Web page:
Outside the inlets, there are plenty Spanish and still surprisingly good catches of Atlantic bonito in 35 to 45 feet of water and out to Cape Lookout.
Inside the Morehead City Port area, grays, reds, sheepshead and flounder are keeping anglers angling. There are scattered spotty specks around on topwater at day and on mud minnows at night. One area I’ve heard of is in the upper reaches of Core Creek around lighted docks under the cover of darkness.
By the way, at nighttime, black Night Stalker and Purple Demon MirrOlures are the best! There are still good catches of reds and trout in the New River and Neuse River too. From the New River, there are also reports of manatees showing already. Seems like this has gone from rare to almost common over the last few years. As far as the Neuse, the striper bite is still excellent.
Speaking of stripers, the upper Roanoke River striper bite is on fire. The Roanoke fishery is currently single barbless hook, catch and release since we are now in May. If you get a chance, try the late-day, topwater action, using a single barbless J-hook in the middle location of the topwater lure. It’s awesome fun!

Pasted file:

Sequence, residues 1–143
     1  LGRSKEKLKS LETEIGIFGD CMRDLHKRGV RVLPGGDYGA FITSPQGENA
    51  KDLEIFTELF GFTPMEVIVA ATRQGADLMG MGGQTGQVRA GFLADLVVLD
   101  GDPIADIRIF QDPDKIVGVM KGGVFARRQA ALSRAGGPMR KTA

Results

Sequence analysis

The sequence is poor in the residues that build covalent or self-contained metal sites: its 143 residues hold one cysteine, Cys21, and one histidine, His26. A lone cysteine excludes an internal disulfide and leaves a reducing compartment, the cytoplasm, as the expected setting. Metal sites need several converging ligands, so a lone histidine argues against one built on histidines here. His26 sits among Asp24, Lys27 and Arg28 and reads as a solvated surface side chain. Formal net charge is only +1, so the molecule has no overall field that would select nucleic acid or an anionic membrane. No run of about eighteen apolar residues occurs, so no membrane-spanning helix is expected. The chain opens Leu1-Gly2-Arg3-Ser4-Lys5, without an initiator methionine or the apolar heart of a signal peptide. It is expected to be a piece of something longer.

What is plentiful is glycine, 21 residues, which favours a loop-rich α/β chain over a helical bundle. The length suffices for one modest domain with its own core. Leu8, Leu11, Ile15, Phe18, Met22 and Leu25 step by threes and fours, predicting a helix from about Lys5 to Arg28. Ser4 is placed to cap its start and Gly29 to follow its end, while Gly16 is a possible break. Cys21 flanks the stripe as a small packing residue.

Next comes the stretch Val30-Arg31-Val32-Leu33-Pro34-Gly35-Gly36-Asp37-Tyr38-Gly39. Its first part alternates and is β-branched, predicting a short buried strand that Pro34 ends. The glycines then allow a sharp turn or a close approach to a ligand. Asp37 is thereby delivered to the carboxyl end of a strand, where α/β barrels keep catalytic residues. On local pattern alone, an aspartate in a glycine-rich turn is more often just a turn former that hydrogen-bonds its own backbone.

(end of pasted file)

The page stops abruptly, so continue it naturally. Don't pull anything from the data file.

All Bogue Banks and Topsail Island ocean fishing piers are now open for business, with obvious restrictions, and Fort Macon is also now open.
Offshore, when the wind lies down, the bite is great and quite a mix of mahi-mahi, yellow and black tuna, wahoo, albies and the always fun reef donkeys, the amberjacks. The bottom triggerfish bite is holding up as well.
Final question: it’s May, where are inshore the cobia? A few are being caught offshore, but I haven’t heard of any landed yet near and inshore. By the way, a number of the local tackle shops are carrying live eels for cobia bait. Tip: keep them on ice before you try to hook them up!
Take care, be safe, catch fish and see you next week.
2) "Ask Dr. Bogus" is on the radio every Monday at 7:30 a.m. WTKF 107.1 FM and 1240 AM. The show is also replayed on Sunday morning at 6 a.m. Callers may reach me at 800-818-2255.
3) I’m located at 118 Conch Ct. in Sea Dunes, just off Coast Guard Road, Emerald Isle, NC 28594. The mailing address is P.O. Box 5225, Emerald Isle, NC 28594. Don’t forget a gift certificate for your favorite angler for fishing lessons or my totally Bogus Fishing Report subscription. Please stop by at any time and say “Hi” or call 252-354-4905.